Using an electric mixer with paddle attachment, cream butter, sugar and salt. Scrape down sides of bowl and beat in the egg. It won’t look completely mixed in, but that’s ok. Alternately add flour and the milk mixture (start and end with flour), scraping down sides of bowl between each addition. After the final addition of flour, mix until dough is well combined – a minute or so. At this point, switch to a dough hook and continue to mix on medium speed for about five minutes, until the dough is smooth and easy to handle (soft and a tiny bit elastic).
At this point, lightly butter two 8″x8″ metal cake pans. (You can use just one 9″x13″ pan if you choose, but the cake tends to over bake that way, so it’s worth it to use the two 8″x8″ pans. I ran out and bought two Magic Line pans just for this purpose, and I have no regrets.)
Next, divide the dough in half and make into two balls. Press and carefully stretch the dough into the pans with your fingers, pressing the edges a bit up the sides of the dish to create a kind of crust.
Cover pans with plastic wrap or clean tea towel, put in a warm place, and allow to rise until doubled, 2 1/2 to 3 hours. Here is what they look like after rising.
For the topping: When dough is just about done rising, preheat oven to 350 degrees. To prepare topping, in a small bowl, whisk corn syrup with 2 tablespoons water and the vanilla. Using an electric mixer with paddle attachment, cream butter, sugar and salt until light and fluffy, 5 to 7 minutes. Scrape down sides of bowl and beat in the egg. Alternately add flour and corn syrup mixture (start and end with flour), scraping down sides of bowl between each addition. Do not over mix!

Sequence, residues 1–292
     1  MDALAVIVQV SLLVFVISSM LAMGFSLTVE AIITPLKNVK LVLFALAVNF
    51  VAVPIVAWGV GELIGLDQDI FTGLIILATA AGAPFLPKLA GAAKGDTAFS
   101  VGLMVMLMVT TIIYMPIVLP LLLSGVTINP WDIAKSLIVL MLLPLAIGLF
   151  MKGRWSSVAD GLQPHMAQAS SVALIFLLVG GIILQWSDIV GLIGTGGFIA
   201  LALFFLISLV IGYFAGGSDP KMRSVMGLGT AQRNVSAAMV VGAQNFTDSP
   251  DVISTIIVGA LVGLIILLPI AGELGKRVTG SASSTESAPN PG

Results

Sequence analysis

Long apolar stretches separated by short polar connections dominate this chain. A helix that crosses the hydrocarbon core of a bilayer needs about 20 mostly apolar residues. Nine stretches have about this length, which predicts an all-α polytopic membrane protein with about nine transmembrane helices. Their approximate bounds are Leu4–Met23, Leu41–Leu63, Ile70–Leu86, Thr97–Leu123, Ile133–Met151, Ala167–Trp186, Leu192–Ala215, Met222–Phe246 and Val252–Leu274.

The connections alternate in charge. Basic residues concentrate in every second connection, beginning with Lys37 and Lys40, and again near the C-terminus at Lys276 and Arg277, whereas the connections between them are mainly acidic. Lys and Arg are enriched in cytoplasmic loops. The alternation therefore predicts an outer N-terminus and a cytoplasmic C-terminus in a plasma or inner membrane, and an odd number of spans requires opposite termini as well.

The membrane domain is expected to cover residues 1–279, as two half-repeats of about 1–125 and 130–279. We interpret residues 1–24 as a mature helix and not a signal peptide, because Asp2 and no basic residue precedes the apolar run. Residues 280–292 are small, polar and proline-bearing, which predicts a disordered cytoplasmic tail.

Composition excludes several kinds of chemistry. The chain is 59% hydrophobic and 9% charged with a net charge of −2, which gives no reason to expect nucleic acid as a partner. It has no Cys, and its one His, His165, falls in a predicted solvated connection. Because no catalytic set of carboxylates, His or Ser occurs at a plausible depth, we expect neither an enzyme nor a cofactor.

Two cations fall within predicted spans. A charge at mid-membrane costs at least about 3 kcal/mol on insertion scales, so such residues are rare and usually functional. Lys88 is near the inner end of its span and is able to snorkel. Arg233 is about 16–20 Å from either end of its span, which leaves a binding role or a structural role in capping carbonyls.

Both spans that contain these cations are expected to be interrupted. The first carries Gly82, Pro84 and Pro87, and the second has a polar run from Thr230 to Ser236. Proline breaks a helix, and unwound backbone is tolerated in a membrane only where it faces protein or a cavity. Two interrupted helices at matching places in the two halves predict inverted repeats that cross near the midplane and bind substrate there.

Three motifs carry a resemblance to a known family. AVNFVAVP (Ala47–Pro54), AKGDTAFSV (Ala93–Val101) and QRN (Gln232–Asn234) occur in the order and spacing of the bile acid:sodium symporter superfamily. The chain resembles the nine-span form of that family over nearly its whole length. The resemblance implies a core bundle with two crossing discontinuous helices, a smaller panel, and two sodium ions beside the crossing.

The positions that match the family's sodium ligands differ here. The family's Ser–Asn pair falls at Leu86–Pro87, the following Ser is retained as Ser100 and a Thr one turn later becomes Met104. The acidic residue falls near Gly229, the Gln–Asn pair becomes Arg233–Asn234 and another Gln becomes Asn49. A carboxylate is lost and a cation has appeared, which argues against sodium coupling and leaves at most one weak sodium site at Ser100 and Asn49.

Spoon topping in large dollops over risen cakes.
Use a spatula to gently spread topping in an even layer, leaving about a 1/4 inch of the edge dough showing.
Bake for about 30 minutes on the center rack in your oven; topping will begin to melt immediately. It will then bubble and turn a golden brown, but will still be slightly liquid in center when done. A toothpick test does not work with this cake, so you have to gauge it by color. When you take the cakes out, the center will still jiggle. Don’t worry; the cake will set as it cools. Do not over bake!
Place on cooling rack and let cool completely (this can take up to an hour and a half… longer if you used one larger pan…).
You should know, the corners are the very best part. They are extra chewy and crispy. The edges have the same appeal. This is one more reason to bake these cakes in two 8″x8″ pans – more edges and corners!!
Sprinkle liberally with confectioners’ sugar before serving. This cake is best served the day it is baked, but it still tastes good the day after, if there’s any left…
And just for the fun of it, another picture from our most recent visit to St. Louis. The train at the fabulous St. Louis Zoo has been a tradition for our family since I was little.